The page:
T E C H N O L O G Y S P O T L I G H T Curved Ultrawide Monitors: Seeing the Big Picture September 2015 By Bryan Ma Sponsored by Dell Curved display...
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Curved Ultrawide Monitors: Seeing the Big Picture September 2015 By Bryan Ma

Sponsored by Dell Curved display panels have been available in the market for several years now, particularly for TVs. Now the technology is increasingly being leveraged in PC monitors as well, presenting a whole new experience — notably different from the TV world — for users, especially from a productivity scenario. This IDC Technology Spotlight examines the features and advantages of curved monitors, particularly larger ones in a 21:9 aspect ratio, also known as ultrawide. This is explored mainly from a perspective of professional usage in a variety of vertical industries and functions, based on both primary and secondary research that IDC conducted in July and August 2015.

Situation Overview The Need to See More and Do More Multitasking is a fact of professional life today. Regardless of specific function or vertical, it is common for employees to constantly switch between basic applications such as email, browser, messengers, productivity software, enterprise resource planning (ERP) systems and vertical-specific applications on their PCs. Some specific functions like finance may even need to view a large number of columns in a spreadsheet, while other functions like application developers need to see code sitting side by side with their testing environment. All these tasks tend to work best on large screens which allow users to be able to see and do more at the same time. The reality is almost half of all PCs procured by IT departments around the world now are notebooks and this is a figure that has been steadily rising over time. The relatively smaller screens on these notebooks mean that users are constantly having to scroll or switch between applications which can impact productivity and efficiency.

Not All Monitors Are Created Equal Of course, one way to address this is to connect notebooks to external monitors to provide more screen real estate. In some cases, multiple monitors may be used, perhaps in a v-shaped or even u-shaped configuration, although users have to get used to a bezel sitting in between the various monitors.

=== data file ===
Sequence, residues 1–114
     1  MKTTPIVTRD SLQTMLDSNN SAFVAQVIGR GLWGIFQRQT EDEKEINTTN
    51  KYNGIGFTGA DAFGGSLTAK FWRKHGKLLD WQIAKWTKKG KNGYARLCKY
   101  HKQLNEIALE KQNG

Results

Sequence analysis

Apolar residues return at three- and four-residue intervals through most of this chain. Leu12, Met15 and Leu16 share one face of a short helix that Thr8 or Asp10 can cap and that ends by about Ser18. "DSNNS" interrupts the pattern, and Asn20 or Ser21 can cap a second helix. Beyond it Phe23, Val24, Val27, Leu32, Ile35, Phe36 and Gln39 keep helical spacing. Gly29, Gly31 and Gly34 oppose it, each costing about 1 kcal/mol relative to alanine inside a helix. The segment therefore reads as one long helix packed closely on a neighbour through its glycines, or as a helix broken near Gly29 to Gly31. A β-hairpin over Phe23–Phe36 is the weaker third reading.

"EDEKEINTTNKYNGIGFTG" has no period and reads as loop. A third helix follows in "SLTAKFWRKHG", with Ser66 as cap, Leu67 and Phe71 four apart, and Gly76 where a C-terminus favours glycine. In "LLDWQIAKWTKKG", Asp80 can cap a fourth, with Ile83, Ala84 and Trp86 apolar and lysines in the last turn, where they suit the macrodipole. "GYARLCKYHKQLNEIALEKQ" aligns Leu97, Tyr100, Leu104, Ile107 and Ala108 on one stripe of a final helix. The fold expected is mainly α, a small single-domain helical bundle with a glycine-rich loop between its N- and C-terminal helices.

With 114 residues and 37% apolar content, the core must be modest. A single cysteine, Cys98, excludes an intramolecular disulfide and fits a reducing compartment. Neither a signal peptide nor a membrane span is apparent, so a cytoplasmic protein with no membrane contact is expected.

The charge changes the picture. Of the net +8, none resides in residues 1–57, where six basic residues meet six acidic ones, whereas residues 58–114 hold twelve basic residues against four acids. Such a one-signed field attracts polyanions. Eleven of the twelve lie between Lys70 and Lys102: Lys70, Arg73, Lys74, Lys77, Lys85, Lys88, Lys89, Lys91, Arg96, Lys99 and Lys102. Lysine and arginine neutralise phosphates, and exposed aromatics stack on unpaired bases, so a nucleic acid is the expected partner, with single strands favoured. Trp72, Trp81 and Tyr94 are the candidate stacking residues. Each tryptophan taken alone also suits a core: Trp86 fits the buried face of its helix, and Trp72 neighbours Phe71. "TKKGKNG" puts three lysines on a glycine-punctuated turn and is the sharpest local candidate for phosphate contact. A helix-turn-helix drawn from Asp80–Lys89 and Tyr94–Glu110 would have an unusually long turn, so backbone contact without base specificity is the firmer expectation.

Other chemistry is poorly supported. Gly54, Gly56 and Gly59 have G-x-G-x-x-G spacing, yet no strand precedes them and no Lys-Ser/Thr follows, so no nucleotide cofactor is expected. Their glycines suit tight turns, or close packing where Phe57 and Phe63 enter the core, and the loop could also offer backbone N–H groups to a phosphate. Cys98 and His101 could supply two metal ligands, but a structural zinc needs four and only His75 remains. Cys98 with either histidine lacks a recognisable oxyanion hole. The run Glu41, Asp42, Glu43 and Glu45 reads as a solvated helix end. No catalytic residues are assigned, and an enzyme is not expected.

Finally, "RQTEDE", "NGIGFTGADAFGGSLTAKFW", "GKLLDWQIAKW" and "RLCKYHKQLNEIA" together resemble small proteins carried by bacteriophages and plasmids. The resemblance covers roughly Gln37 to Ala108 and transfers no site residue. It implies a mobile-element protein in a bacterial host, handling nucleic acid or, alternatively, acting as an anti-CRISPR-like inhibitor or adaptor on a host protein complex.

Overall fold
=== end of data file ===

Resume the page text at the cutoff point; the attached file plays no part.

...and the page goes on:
Conventional 16:9 aspect ratios, however, still present some limits, with users often having to toggle between applications. A 21:9 aspect ratio, on the other hand, provides much more contiguous real estate to the user, and fortunately more and more of such ultrawide monitors are now entering the market. Still, not all 21:9 monitors are the same. Indeed, IDC found during its centralized location testing that using a flat panel on such a wide monitor can often be tiring on the eyes, as it requires users to strain to see information on the far left and right sides of the screen. This is where the beauty of curved monitors comes in. IDC has found that a curve is particularly important when using a single 21:9 monitor, as this helps to ease strain on the eyes when users look at information displayed on the sides of the screen.

The Curved Ultrawide Experience: Different Users, Different Needs In July and August 2015, IDC conducted a centralized location testing in Singapore using both a flat and curved monitor of the same 34” size and 21:9 aspect ratio, with brand names hidden to reduce bias from respondents. The curved monitor used in the centralized location testing was a Dell U3415W, a 34” curved monitor with an Ultra WQHD (3440 x 1440) resolution. This was also tested against a competing 34” monitor of the same resolution from another brand, but on a flat panel. The respondents represented over ten different vertical industries, ranging from large global multinationals in the fastmoving consumer goods (FMCG), services and architecture sectors to smaller designers, application developers and photographers, among others.

Key Findings and Benefits The common theme that resonated across all of these respondents was the tremendously improved ability to see and do more simultaneously with a 21:9 curved monitor compared to the setups that they currently have, thus allowing them to be much more productive and efficient. Professionals like finance and accounting as well as creative professionals found the most benefit in the IDC study, especially by being able to lay out multiple windows without scrolling or task switching. On the aesthetic and design front, most respondents consistently commented on the Dell product’s attractive industrial design and build quality. The matte screen was also generally preferred over the competing flat display from the other vendor, which tended to use chrome finishes instead. The use cases varied by specific roles and vertical industries, with examples summarized below by vertical function. 

Financial Analyst: A financial analyst in a global software and services company was previously using one external monitor with her notebook to review contracts, check data and then type emails, requiring constant task switching. She worked with multiple columns and data, requiring scrolling, grouping, pivot tables to condense the data, but with a 21:9 curved screen she could see it all in a single glance without any horizontal scrolling required.

Credit Analyst: Similarly, a credit analyst at a global FMCG company needed to constantly toggle between Excel, SAP and other applications to check customer accounts, orders and shipments. One common task for her was to compare records across applications. Using a 21:9 curved monitor, she could now lay the windows out side by side without task switching, calling the whole experience "fantastic".